Step 7 says: Humbly asked God to remove our shortcomings. In past years, I have approached this step thinking that my defects of character were my shortcomings. However, as I continue the practice of Centering Prayer, a subtle shift has taken place, helping me to see that the shortcomings that show up in my behavior originate from my beliefs and my thinking about myself.
Centering Prayer is gradually revealing how I think about myself--with some surprising effects. At our workshop on February 10, I will talk about what I’m discovering, and how that impacts everything in my life, but especially my journey of recovery.
What propelled me into my second Fourth Step was unbearable resentment. I knew
I was an alcoholic of the hopeless variety; I understood that I needed to defend
myself against the first drink. I had been without a drink for seven years, was
grateful for the program of Alcoholics Anonymous, and so on. But I was angry at my
wife, my situation in life, my cats, and the rest of the world. Prayer wasn’t relieving
me, meetings weren’t relieving me; I needed to take a look at myself.
On Saturday, January 13, I’ll talk about what happened when I finally did a truly
searching and fearless moral inventory.
On Saturday, January 13, I will speak on Step 5 and the exact nature of my wrongs.
My selfishness and self-centeredness afflicted me with a form of blindness. This
blindness caused much of my world and the people in it to be invisible to me. The
Twelve and Twelve reminds us that: “Most of us must admit that we have loved but
a few; that we have been quite indifferent to the many…” I am guilty of this
indifference. Saturday I will share examples of this blindness/indifference and how
it still plays out in my life.
On Saturday, I'll talk about Step 3, Made a decision to turn our will and our lives over to the care of God as we understood him.
You've got to be kidding me. I'm not going to turn my life and my will over to anybody. I run my own show.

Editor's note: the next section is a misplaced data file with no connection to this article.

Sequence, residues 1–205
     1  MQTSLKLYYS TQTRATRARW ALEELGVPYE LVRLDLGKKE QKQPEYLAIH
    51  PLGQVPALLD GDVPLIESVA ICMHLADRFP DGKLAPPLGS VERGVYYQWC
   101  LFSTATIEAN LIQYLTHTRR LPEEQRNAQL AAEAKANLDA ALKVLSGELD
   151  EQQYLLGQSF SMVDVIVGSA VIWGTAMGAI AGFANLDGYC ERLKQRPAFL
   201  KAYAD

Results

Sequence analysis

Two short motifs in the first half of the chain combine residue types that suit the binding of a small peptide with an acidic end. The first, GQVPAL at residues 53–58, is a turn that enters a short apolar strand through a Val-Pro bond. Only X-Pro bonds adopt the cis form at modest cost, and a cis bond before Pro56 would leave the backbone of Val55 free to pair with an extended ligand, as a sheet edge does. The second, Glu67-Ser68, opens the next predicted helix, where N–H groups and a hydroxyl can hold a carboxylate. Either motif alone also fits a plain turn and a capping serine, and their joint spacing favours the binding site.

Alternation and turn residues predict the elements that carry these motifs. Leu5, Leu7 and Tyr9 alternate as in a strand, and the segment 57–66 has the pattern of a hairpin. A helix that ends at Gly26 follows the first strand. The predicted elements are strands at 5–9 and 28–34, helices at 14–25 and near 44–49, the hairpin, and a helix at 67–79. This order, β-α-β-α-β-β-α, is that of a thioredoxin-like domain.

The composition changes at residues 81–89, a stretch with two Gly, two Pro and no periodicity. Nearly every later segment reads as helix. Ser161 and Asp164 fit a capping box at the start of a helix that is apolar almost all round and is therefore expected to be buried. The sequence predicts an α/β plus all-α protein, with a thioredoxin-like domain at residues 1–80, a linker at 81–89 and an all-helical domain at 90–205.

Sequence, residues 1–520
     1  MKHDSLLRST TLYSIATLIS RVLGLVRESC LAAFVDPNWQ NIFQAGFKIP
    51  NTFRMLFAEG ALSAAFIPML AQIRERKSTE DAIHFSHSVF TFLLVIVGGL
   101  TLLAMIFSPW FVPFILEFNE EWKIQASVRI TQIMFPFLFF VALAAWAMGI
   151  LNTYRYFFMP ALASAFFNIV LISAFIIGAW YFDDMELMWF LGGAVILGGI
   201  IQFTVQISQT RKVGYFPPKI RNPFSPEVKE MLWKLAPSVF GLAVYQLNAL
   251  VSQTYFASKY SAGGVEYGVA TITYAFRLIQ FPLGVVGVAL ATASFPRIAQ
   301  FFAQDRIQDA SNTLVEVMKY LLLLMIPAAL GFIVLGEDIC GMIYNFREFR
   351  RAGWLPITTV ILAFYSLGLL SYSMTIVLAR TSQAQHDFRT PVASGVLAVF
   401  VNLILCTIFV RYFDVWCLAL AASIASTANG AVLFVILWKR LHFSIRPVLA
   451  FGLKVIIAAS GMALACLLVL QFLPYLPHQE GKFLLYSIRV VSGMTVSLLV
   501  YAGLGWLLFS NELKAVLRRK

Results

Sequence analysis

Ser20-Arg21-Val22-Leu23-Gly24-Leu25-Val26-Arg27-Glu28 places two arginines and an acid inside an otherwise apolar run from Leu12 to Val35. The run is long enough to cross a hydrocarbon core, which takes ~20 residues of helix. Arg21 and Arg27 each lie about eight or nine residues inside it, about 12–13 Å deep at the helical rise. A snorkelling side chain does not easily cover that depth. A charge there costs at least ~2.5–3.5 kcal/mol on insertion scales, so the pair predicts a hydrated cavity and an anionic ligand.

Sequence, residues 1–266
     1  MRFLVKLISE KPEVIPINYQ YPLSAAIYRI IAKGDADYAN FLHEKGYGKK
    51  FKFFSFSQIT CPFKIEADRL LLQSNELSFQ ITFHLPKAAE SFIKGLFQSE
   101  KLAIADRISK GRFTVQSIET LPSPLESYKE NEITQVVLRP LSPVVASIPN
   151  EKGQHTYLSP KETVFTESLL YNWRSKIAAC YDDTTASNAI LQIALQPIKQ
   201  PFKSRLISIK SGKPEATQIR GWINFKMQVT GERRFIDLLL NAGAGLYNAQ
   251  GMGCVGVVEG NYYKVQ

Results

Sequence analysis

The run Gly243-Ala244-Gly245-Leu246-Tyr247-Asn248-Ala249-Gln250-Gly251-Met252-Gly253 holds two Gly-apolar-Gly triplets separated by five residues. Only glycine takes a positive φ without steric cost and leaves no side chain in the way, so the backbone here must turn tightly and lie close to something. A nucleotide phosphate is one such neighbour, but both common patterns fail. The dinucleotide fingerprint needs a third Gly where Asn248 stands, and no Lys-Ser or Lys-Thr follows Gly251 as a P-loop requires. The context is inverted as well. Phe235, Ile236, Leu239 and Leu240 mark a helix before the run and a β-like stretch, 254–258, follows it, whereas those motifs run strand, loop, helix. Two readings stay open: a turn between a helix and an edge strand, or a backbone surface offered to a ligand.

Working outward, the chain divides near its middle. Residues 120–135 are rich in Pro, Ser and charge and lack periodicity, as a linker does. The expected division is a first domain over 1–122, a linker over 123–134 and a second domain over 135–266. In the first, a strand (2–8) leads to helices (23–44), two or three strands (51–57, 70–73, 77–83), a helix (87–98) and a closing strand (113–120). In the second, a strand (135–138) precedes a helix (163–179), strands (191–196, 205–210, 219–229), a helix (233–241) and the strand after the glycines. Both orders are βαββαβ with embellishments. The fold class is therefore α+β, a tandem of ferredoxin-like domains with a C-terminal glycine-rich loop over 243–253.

It took a long time and a lot of pain to become humble and open myself to this step. Once I made the decision, it's been a great journey.
What about you? Who runs your show? Let's explore this together on Saturday.
Step 2 isn’t just about coming to terms with how our thinking and behavior have been insane. That's kind of obvious. And, I’ve discovered, it's slightly more than coming to believe that a power greater than ourselves could restore us to sanity.
My current understanding of Step 2 has been informed by a persistent history of making mistakes, resolving to "be better," and making those mistakes again. And again. And again.
So Step 2 is a chance to fully accept the implications of Step 1 — the "I can't fix myself" part — and along with that, it is complete surrender to the idea that spiritual transformation at depth is imperative if I want to become "happily and usefully whole."
Piece of cake!
I’ll explore more about this on November 18 — join us at Colonial Church.
On November 18, I’ll speak personally about the family disease of codependency. I’ll use my story to describe the illness of codependency and its progression from infancy to adulthood — and beyond, into parenting. Join me.
On Saturday, October 14 I will take a look at what I am truly powerless over, and how acting out of my dysfunctional thinking makes my life unmanageable. Then I will share how instrumental the practice of centering prayer has been in my recovery: how it has helped me to understand my powerlessness not as a challenge or deficit, but as part of the reality of being human. Join me.
I can’t sum up the subject of my talk on Saturday, October 14 any better than the Big Book does, on page 58:
"If you have decided you want what we have—and are willing to go to any length to get it—then you are ready to take certain steps."
Hope to see you at our workshop.
Emotional sobriety — it's the next frontier. I have worked this subject for 55 years; it's been hard but more than worth it. Why? Because of the joy, freedom, peace, serenity, and love that I live in now. I still have more work to do, and that's great, because each time I go through another character defect I get a little healthier. (Let's not be afraid to work the program!)
Step 11 says "Sought through prayer and meditation..." In Centering Prayer meditation, we tend to the meditation portion of this step — but what about the prayer part?
Join me this Saturday, May 13, as I share one of my favorite types of prayer of late: Welcoming Prayer, a resource from Contemplative Outreach, the national organization that promotes Centering Prayer. I find it to be just the right antidote for the discomfort that can come as our unconsciousness unloads through the “divine therapy” of the Centering Prayer practice.
I’m looking forward to being with you!